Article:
Ibn Hanbal says:
Abu Mu‘awiyah has related to us from A‘mash from ‘Abd al-Rahman bin Ziyad who quotes ‘Abdullah bin Harth as saying:
I was with Mu‘awiyah (ibn Abi Sufyan) when he was returning from (the Battle of) Siffin and I was riding between him and ‘Amr bin ‘As, when ‘Abdullah the son of ‘Amr bin ‘As said:
Don't you remember the Messenger of Allah had told ‘Ammar
“Waihaka ya ibn al-Sumayyah, taqtuluka al-fi’ah al-baghiyah (Bravo O son of Sumayyah! You will be killed by a group of transgressors).”
‘Amr bin ‘As turned to Mu‘awiyah and said:
Did you not hear what he says?
You find fault with us! Did we kill him? Those who brought him here are responsible for his death!1
This hadith has been recorded over twenty times in the Musnad on the authority of eight companions of the Prophet with variations in its text.2Ahmad Shakir considers this hadith not only sahih but mutawatir (regularly transmitted throughout the first three generations of Muslims by a large number of transmitters) and says that scholars have never doubted its veracity. Explaining the word hannahu (finding fault) as used by Mu‘awiyah, he writes:
It is clear that Mu‘awiyah is not disputing this hadith but is censurng ‘Abdullah bin ‘Amr (bin ‘As) for remembering it in this situation (when ‘Ammar has been killed by his troops), since he fears that if his army knows that he is on the wrong track they would desert him. In view of this fact, Mu‘awiyah was trying to misinterpret and give a wrong connotation to this hadith by saying that the killers of ‘Ammar are those that brought him to the battlefield.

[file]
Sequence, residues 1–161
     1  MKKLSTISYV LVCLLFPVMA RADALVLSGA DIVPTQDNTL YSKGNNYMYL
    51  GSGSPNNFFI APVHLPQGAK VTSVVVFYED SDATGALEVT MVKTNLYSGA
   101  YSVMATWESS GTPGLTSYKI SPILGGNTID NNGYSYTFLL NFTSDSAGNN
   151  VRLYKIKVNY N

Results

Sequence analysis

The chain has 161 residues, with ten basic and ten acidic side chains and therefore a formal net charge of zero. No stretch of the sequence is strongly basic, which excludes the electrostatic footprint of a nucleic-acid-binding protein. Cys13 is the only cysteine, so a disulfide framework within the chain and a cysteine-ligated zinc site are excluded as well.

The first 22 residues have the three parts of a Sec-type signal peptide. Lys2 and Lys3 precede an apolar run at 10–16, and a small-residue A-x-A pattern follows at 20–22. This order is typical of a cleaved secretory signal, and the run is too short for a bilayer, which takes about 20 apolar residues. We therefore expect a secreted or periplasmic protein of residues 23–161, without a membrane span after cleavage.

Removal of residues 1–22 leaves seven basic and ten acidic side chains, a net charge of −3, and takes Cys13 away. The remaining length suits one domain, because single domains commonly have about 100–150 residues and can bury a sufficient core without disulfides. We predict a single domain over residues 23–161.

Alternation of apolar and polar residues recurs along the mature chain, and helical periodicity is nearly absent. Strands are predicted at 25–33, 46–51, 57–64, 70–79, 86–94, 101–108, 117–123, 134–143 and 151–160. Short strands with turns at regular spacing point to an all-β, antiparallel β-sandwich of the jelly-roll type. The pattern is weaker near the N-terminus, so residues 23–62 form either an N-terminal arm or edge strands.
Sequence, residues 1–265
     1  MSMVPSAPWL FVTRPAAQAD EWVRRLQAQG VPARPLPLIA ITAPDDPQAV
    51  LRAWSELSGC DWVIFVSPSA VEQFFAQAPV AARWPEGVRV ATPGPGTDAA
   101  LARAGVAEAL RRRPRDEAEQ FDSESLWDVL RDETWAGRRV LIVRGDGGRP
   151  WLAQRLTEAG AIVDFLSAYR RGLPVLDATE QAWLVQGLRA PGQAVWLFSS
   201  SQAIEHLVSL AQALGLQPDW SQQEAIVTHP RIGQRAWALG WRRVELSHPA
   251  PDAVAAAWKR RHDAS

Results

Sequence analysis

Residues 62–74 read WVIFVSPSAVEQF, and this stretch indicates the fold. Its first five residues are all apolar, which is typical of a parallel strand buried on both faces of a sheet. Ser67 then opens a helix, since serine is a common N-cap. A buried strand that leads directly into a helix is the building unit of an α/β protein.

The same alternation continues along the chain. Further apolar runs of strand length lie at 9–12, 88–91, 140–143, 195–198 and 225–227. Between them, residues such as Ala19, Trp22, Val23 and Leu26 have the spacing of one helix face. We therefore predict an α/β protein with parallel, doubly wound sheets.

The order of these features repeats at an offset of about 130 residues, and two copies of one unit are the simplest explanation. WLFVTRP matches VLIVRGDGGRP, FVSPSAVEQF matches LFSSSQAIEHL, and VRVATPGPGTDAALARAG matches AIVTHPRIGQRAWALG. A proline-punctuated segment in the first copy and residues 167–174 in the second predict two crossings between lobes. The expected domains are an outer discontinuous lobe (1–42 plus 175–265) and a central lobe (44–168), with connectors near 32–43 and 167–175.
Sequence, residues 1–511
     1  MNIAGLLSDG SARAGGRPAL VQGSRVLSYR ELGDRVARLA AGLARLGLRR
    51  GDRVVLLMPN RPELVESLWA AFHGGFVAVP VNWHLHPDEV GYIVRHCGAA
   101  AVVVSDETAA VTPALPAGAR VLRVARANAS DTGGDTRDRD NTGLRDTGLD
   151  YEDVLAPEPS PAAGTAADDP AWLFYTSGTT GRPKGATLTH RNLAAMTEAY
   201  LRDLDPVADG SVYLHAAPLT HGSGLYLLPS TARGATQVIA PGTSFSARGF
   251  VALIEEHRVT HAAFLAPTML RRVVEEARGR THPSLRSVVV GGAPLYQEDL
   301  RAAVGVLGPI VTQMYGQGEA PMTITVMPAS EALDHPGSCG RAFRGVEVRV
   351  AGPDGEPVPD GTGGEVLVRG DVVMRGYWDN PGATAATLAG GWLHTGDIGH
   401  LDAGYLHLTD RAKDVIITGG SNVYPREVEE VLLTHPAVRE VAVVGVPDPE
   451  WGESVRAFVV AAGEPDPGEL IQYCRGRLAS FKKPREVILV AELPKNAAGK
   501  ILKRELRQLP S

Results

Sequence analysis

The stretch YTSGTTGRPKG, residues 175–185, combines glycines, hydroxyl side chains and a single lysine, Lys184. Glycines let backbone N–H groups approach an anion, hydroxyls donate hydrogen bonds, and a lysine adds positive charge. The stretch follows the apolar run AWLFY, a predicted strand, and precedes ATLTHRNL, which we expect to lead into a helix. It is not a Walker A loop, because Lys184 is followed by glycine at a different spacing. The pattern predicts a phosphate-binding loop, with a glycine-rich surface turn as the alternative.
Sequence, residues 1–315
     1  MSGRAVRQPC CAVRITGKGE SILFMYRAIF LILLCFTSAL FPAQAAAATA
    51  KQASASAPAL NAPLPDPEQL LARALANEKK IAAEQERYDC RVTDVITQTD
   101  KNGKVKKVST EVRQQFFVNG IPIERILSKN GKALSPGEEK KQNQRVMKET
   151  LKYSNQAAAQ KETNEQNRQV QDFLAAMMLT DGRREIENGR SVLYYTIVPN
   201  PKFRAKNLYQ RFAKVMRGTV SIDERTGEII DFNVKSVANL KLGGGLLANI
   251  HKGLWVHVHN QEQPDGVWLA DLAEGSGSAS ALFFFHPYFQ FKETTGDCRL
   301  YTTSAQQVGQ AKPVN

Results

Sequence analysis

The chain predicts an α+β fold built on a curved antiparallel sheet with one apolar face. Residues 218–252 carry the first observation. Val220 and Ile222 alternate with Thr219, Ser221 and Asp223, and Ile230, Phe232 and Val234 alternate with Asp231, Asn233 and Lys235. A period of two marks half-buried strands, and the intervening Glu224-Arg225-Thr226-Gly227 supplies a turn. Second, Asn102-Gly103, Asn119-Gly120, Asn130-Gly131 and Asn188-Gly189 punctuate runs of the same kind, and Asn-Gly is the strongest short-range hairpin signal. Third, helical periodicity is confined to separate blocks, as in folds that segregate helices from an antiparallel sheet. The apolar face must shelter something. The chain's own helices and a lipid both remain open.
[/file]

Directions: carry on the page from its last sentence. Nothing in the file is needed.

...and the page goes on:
Ahmad Shakir, quoting Ibn Hajar ‘Asqalani’s comments in Fath al-Bari fi Tafsir Sahih al-Bukhari (vol. 1, p. 452), further writes:
This hadith has been related by several companions of the Prophet including Qatadah bin Nu‘man, Umm Salamah, Abi Hurayrah, ‘Abdullah bin ‘Amr bin ‘As, ‘Uthman bin ‘Affan, Hudhayfah al-Yamani, Abu Ayyub al-Ansari, Abu Rafi‘, Khuzaymah bin Thabit, Mu‘awiyah, ‘Amr bin ‘As, Abu al-Yasar and ‘Ammar bin Yasir himself. This hadith is a firm proof of the virtues of (Imam) ‘Ali (‘a) and ‘Ammar and their standing with the Prophet. It is also a fitting reply to the enemies of (Imam) ‘Ali (nawasib pl. of nasib) who accuse him of error in his wars (during his caliphate).3